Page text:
The 2008 farm bill includes a scaled-down version of the Administration's only international food aid proposal for legislative authority to use up to $300 million of appropriated P.L. 480 Title II funds for local or regional purchase and distribution of food to assist people threatened by a food security crisis. The farm bill provides that the pilot project be conducted by the Secretary of Agriculture with a total of $60 million in mandatory funding (not P.L. 480 appropriations) during FY2009 and FY2012. The pilot project would entail a study of experiences with local/regional purchase followed by field-based projects that would purchase food commodities locally or regionally. The field-based projects would be funded with grants to PVOs, cooperatives, and intergovernmental organizations, such as the World Food Program. All of the field-based projects would be evaluated by an independent third party beginning in 2011; the Secretary of Agriculture would submit a report to Congress on the pilot project four years after the enactment of the bill.
The new farm bill extends to 2012 the authority for the Food Aid Consultative Group (FACG), which advises the USAID Administrator on food aid policy and regulations. It requires that a representative of the maritime transportation sector be included in the Group.
The 2008 farm bill reauthorizes the Micronutrient Fortification Program in which grains and other food aid commodities may be fortified with such micronutrients as vitamin A, iodine, iron, and folic acid. It adds new legislative authority to assess and apply technologies and systems to improve food aid. The farm bill also eliminates limitations on the number of countries in which this program can be implemented.
The farm bill authorizes the use of up to $22 million annually to be used for the monitoring and assessment of non-emergency (development) food aid programs. No more than $8 million of these funds may be used for the Famine Early Warning System Network (FEWS-NET), but only if at least $8 million is provided for FEWS-NET from accounts appropriated under the Foreign Assistance Act of 1961.3 Up to $2.5 million of the funds can be used to upgrade the information technology systems used to monitor and assess the effectiveness of food aid programs. This provision is a response to criticism that monitoring of such programs by USAID has been inadequate due to such factors as limited staff, competitive priorities, and legal restrictions.4 The USAID Administrator can use these funds to employ contractors as non-emergency food aid monitors.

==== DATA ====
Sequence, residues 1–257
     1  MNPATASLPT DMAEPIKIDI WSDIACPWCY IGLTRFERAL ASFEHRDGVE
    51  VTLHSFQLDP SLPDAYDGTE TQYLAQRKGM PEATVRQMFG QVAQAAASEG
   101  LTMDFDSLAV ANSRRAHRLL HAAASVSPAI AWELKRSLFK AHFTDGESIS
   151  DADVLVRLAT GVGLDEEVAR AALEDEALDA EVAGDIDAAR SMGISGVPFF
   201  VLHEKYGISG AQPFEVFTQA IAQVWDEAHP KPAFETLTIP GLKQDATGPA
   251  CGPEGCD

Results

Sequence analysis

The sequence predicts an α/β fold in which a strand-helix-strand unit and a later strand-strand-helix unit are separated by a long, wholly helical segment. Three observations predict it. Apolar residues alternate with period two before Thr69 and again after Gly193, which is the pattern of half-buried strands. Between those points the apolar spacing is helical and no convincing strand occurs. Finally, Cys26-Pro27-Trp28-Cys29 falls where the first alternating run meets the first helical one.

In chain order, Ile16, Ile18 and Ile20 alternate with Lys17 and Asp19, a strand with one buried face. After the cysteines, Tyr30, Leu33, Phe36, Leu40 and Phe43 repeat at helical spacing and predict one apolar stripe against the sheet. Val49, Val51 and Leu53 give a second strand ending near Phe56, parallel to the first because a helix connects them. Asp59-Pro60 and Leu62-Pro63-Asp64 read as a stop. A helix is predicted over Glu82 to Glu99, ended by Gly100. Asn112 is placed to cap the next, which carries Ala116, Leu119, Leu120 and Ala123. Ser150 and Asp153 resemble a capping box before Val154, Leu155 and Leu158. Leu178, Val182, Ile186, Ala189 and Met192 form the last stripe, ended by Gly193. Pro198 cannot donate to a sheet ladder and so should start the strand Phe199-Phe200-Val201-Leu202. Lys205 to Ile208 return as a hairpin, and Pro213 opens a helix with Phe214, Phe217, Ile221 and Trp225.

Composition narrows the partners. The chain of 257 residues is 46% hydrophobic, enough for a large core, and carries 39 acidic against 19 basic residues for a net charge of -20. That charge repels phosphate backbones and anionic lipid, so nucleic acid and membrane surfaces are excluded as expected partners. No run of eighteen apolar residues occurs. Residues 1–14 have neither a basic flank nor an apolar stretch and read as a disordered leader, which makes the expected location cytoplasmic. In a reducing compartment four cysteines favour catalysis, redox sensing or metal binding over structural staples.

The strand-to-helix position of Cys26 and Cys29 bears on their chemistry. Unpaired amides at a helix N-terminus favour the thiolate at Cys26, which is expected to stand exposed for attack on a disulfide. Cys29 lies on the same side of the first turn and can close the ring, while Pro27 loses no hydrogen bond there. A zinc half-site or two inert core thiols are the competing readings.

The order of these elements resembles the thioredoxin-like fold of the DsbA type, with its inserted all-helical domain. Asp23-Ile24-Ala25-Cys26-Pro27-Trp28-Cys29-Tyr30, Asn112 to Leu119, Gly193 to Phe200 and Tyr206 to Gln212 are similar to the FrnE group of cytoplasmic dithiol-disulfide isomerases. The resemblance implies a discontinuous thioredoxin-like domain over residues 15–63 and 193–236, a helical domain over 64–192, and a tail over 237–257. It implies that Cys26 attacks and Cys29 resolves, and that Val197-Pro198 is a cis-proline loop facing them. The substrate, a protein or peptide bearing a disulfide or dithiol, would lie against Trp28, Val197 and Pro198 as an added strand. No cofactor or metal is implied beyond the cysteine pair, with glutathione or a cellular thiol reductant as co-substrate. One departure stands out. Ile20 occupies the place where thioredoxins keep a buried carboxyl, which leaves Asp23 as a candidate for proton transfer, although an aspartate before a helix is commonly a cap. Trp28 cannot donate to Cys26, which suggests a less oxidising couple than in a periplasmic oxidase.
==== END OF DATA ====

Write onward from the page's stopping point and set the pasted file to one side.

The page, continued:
The farm bill increases funding available annually (from Title II funds) from $3 million to $8 million for stockpiling and rapid transportation, delivery, and distribution of shelf-stable, prepackaged foods. Shelf-stable foods are developed under a cost-sharing arrangement that gives preference to organizations that provide additional funds for developing these products. The new bill also reauthorizes prepositioning of commodities overseas and increases the funding for prepositioning to $10 million annually from $2 million annually. USAID maintains that prepositioning (currently at two sites, New Orleans and Dubai, United Arab Emirates) enables it to respond more rapidly to emergency food needs. Critics say, however, that the cost effectiveness of prepositioning has not been evaluated.
The 2008 farm bill reauthorizes the Farmer-to-Farmer program of voluntary technical assistance in agriculture funded with a portion of P.L. 480 funds. The bill provides an annual floor level of funding for the program of $10 million and extends it through 2012. It also increases the authorization of annual appropriations for specific regions (sub-Saharan Africa and the Caribbean Basin) from $10 million to $15 million.
This title of P.L. 480 authorizes provision of long-term, low interest loans to developing countries for the purchase of U.S. agricultural commodities. The new farm bill makes some changes in the program, which has not received an appropriation since 2006 to reflect a food security rather than a market development emphasis of U.S. food aid. Thus the bill strikes references in Title I to recipient countries becoming commercial markets for U.S. agricultural products and the requirement that organizations seeking funding under this title prepare and submit agricultural market development plans. The bill gives Title I of P.L. 480, previously referred to as Trade and Development Assistance, a new name, Economic Assistance and Food Security.